Monday, June 10, 2024

END .......................

 



All good things come to an end .......or there would be no end  ........right .......i fucking hate weed ........ the smell of  it ........ particularly.....it  just reminds  me  of  ghetto .........so bad  it is  an  unpleasant smell .......... that reminds  me of  useless ......  stoners........ lying in a  shitty  apartment  ........ filled with pizza boxes.....take-out containers ..... and  ashtray ....... sofas  with   burn holes in them .......and it gets into everything the  smell does  clothes  curtains furniture........the only good side..... to weed........ is  that when chicks  smoke it....... it makes  them horny......... and they end up becoming  slags/sluts/whores......... and  do dirty shit .....a stoned   chick is  always  fun .....like a  drunk chick ....it is like  being sober is never   fun .....the  fun happens  when  chicks are drunk and  stoned ........fact ......it is    called  self  hatred ......if they did not  they would be  just the  same  sober ........

Anyways .....the market  got   too big i think .......i am  not going to miss it  ....it was more  fun when it was  illegal ....made it more interesting ....but as always  the  govt wanted  part  of  that industry  ....you know  regs and   taxes .....and of  course  the  mass of  fools  bought into the  tame  version of  weed   ....sure they got  high ....but it was  nto the  same  high or   fun  trying to get  some  skunk/g7/weed/mary jane/pot ......etc ...etc ......the govt fucks up everything it touches .......


Colorado’s Weed Market Is Coming Down Hard and It’s Making Other States Nervous

Regulatory burdens, an oversaturated market and increasing competition from nearby states have all landed major blows to Colorado's cannabis market.·Politico· (Patrick Cavan Brown for POLITICO)

DENVER — On Jan. 1, 2014, Iraq War veteran Sean Azzariti made headlines worldwide as the first person in the U.S. to buy legal weed.

More than 10 years later, 3D Cannabis, the dispensary in Denver’s Elyria-Swansea neighborhood where the historic purchase was made, displays a makeshift sign announcing it is “temporarily closed.” The windows and doors on the side of the building have been boarded up. Plastic bags, discarded coffee cups and other trash collect in the corners of the abandoned parking lot.

The dismal state of the historic site is a fitting symbol of the plight of Colorado’s cannabis market. What once was a success story has now left a trail of failed businesses and cash-strapped entrepreneurs in its wake. Regulatory burdens, an oversaturated market and increasing competition from nearby states have all landed major blows, leaving other states with newer marijuana markets scrambling to avoid the same mistakes.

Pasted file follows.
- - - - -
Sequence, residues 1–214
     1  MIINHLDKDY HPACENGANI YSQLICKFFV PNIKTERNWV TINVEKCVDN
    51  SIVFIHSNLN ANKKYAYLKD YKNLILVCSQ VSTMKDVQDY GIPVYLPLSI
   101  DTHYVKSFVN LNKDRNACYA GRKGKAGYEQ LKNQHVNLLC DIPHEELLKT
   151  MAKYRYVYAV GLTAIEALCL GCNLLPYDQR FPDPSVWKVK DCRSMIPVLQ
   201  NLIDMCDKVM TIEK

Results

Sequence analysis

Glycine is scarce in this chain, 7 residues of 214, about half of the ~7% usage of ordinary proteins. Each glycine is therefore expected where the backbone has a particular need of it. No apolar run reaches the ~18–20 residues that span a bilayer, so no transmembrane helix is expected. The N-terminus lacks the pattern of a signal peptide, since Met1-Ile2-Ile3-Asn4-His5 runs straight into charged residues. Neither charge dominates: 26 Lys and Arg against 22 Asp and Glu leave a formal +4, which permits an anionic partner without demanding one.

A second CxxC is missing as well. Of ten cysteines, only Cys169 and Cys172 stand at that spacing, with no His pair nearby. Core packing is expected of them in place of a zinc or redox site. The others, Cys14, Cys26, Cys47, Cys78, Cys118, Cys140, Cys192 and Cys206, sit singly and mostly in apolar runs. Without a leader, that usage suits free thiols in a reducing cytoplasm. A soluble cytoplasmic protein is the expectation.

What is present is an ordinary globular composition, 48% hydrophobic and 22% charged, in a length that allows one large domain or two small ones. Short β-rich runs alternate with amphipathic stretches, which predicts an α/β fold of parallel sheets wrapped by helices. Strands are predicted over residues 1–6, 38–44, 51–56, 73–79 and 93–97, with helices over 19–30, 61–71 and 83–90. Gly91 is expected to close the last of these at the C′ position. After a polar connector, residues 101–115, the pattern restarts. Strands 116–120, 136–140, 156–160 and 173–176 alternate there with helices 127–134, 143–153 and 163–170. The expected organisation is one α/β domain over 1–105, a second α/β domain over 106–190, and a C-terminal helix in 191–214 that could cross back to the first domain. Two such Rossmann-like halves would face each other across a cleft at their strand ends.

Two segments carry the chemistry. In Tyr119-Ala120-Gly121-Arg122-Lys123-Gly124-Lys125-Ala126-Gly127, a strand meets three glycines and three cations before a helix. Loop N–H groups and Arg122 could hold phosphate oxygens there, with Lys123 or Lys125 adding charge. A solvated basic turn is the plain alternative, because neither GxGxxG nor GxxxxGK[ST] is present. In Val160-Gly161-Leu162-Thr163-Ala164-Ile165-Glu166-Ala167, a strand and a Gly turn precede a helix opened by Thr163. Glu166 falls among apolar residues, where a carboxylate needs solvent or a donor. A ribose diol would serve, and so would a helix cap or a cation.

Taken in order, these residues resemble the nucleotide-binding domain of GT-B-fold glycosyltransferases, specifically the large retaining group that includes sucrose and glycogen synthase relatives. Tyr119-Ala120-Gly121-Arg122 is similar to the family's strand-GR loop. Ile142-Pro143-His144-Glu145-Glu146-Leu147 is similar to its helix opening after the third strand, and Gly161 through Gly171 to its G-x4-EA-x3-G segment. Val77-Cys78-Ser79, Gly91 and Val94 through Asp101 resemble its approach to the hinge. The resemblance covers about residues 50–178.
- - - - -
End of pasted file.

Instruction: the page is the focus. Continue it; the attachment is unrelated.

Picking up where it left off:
For years, Colorado’s marijuana market minted successful local entrepreneurs who bootstrapped small businesses into national brands. The market drew aspiring cannabis professionals from across the country, whether ambitious college grads with a business idea or investors looking to get in on the green rush.

In 2020, the market soared to $2.2 billion. But just three years later, sales had plummeted to $1.5 billion, leading to layoffs, closures and downsizing. The market downturn has spelled trouble for state finances too: Colorado took in just $282 million in cannabis tax revenues in the last fiscal year, down more than 30 percent from two years earlier.

A messy assortment of factors has led to the pioneering industry’s struggles. A supply glut caused weed prices to plummet in the wake of the pandemic. The spread of cheap, largely unregulated intoxicating hemp-derived products further heightened competitive pressures. And marijuana remains federally illegal, subjecting operators to sky-high taxes and costly regulations.

“It’s like the wind in our cannabis sails in Colorado has just been sucked all the way out,” said Wanda James, founder of Denver dispensary Simply Pure, one of the first recreational dispensaries in the state.

But more than any other factor, Colorado’s market has been sapped by the rapid spread of legalization across the country. Neighbors New Mexico and Arizona are among the 24 states with their own adult-use legal marijuana markets, wreaking havoc on the business plans of dispensaries on Colorado’s southern border. Tourists who once flooded the state for the opportunity to legally experience Rocky Mountain highs have largely disappeared as the novelty has worn off. Even Texans aren’t driving north to buy weed anymore, satisfied with the proliferation of intoxicating hemp products in their own state.



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I FUCKING HATE PICkLE BALL...............

  As i am a  lover of a  real sport  tennis .......pickle ball ....... reminds  me of  century  village ......old  pepsodent  smelling.........